Dads: “Dad Abuse” (Episode 1.10)

TV Reviews
Dads: “Dad Abuse” (Episode 1.10)

There are some that say “a bad reputation is better than no reputation at all.” Seth MacFarlane definitely subscribes to this philosophy, as it seems like he’s trying to provide fodder for those who criticize his show as being racist, perhaps with the intent of garnering more attention. The teaser of the latest episode has a couple of racist lines. Then, when Veronica accuses Eli of being racist, he defends himself by saying, “Let’s just leave what’s racist up to the white media.” Unfortunately, the shock value has dwindled, and what’s left is a mediocre show with waning viewership.

“Dad Abuse” is a typical Dads episode, in which the dads annoy the sons, and all four annoy the viewers. Eli, as usual, is at his wit’s end with his dad. This time, he is specifically disgusted by David’s gross household habits. When playing tug of war over a towel, Eli lets go, and David falls to the ground, ending up in the hospital. They return home, and a special services officer comes to investigate Eli’s treatment of his father. Warner and Crawford are also visiting, and the officer finds Eli and Warner unfit sons and takes their dads away to an undisclosed location. The dads obediently and excitedly follow. The coldhearted sons are thrilled … until Camilla and Veronica tell them horror stories about elderly care. They start to worry and search for their missing fathers. But as it turns out, the dads are being taken care of by a lovely husband (Dave Foley guest stars) and wife in a fancy home. David even has a deluxe toilet. When Warner and Eli show up to save them, David and Crawford refuse to leave. That is, until the kind couple reveals their ulterior motive: they want to set up David and Crawford with their very annoying moms to get their moms out of the house. David and Crawford run for the door.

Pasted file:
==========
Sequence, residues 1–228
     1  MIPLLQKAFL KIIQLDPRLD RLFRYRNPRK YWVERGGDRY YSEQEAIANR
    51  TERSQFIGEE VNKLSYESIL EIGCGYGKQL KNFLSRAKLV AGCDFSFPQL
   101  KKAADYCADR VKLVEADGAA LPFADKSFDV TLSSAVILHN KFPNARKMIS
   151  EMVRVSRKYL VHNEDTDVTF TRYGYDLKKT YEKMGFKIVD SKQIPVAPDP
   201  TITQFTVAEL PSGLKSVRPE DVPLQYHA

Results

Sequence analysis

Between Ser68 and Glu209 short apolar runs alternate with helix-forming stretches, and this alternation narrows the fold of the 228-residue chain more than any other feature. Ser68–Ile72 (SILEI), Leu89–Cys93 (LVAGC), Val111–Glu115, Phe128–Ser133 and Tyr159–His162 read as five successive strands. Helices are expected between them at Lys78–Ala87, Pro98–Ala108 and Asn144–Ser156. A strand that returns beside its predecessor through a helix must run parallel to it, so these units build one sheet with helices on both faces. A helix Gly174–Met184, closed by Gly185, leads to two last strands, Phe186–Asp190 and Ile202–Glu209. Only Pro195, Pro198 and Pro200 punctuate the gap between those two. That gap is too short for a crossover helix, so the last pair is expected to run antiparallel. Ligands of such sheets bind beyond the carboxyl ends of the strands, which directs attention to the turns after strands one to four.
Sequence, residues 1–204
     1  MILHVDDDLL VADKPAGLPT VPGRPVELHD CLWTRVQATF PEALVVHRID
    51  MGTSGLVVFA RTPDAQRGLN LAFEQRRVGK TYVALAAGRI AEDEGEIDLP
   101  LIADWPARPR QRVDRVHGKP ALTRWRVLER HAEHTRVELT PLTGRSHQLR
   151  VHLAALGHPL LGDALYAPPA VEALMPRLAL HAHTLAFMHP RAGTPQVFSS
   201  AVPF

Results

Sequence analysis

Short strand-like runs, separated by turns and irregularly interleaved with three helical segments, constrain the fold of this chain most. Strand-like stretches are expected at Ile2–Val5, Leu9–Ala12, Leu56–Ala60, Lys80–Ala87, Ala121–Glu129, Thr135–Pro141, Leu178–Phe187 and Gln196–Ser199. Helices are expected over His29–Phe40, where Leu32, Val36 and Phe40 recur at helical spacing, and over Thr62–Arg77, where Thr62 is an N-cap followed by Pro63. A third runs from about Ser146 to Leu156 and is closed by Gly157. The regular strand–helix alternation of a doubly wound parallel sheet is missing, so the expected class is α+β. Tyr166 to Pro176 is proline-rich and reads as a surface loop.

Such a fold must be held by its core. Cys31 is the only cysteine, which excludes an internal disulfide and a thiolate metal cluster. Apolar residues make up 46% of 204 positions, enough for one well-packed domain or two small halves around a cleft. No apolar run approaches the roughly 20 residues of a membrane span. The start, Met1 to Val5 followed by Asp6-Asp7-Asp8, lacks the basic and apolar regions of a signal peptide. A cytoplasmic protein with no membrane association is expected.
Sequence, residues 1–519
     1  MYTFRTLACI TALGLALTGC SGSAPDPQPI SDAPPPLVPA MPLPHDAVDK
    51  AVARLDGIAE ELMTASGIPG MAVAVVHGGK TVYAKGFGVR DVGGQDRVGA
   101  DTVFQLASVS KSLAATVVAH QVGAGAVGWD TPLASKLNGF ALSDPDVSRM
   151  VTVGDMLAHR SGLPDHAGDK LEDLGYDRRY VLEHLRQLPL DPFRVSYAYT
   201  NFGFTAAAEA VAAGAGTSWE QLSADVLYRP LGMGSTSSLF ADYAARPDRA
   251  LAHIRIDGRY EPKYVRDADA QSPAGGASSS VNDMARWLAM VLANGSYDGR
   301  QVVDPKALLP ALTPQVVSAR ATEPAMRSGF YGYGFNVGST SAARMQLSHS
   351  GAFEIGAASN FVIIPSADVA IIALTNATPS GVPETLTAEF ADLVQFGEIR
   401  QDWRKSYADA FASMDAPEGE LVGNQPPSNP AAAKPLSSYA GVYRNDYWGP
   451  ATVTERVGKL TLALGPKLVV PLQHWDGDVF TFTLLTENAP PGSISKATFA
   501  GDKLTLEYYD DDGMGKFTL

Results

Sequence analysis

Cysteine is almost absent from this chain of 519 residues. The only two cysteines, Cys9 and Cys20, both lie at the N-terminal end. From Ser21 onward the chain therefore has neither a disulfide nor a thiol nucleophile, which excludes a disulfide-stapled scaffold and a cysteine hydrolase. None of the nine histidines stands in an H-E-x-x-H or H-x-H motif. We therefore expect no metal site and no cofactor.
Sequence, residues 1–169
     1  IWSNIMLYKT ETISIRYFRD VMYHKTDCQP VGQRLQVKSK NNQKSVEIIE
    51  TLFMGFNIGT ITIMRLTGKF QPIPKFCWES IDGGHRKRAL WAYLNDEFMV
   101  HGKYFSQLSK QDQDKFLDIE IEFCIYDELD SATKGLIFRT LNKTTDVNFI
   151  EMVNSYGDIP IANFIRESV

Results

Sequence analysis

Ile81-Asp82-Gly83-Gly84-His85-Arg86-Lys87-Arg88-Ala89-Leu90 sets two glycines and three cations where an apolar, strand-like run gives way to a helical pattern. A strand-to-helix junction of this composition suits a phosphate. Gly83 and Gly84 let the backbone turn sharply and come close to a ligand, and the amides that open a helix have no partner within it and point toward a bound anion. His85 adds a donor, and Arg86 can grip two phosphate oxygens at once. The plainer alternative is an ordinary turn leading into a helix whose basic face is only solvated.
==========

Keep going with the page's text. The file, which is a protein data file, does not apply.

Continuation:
The one saving grace for the show has been the acting. Giovanni Ribisi and Seth Green may be known commodities—and Martin Mull’s roots place him in the same comedic hall of fall class with fellow Fernwood 2 Night alum Fred Willard—but Dads has also revealed a few hidden gems, like Tonita Castro who plays Edna. Every episode shows more and more of Edna’s character, which is a good thing. Her character highlights depth and vulnerability in Eli’s character (in that he basically pays her to be his mother and loves her like one). Castro’s performance skills and charisma are also noteworthy. Inevitably for this show, she is the butt of a few racist jokes. (When the special services officer shows up, she freaks out and yells “immigracion!” before hurling herself across the room with some slapstick and stunt moves that are quite impressive.) But she dishes the insults right back at David, and does so with incredible delivery. Castro has worn a few hats in her life, one of them being a real housekeeper. Before starting acting in 2005, she also worked for two decades in radio. In an interview on Fox News, she discusses not only how she prepares for her characters but her confidence in the show’s writers.

We may never find out whether that confidence is misplaced or not, as the show has been placed on hiatus by Fox. “Hiatus” is often as not just a prelude to cancellation, though MacFarlane’s muscle with the network might keep it alive a bit longer.

If this episode was the final one, the best one could say is it wasn’t horribly offensive (in comparison to past ones), with the usual batch of hits and misses.

Jokes that worked:
—Eli, on humans eating dog food: “Hey, some of that dog food on TV looks pretty good. Like that one with the real chunks of sirloin. I mean, I know it costs more than regular dog food, but I’m worth it.”
—David’s foster son: “Don’t flush it while you’re still on it. It’ll suck your heart out.”
David responds: “It already has.”

Jokes that failed:
—Crawford, on taking painkillers: “I find that if you do everything the prescription label says not to it works better.”
—David, after being asked by Eli why all the conditioner and eggs have been used up, “I lost a lot of protein in the shower.”

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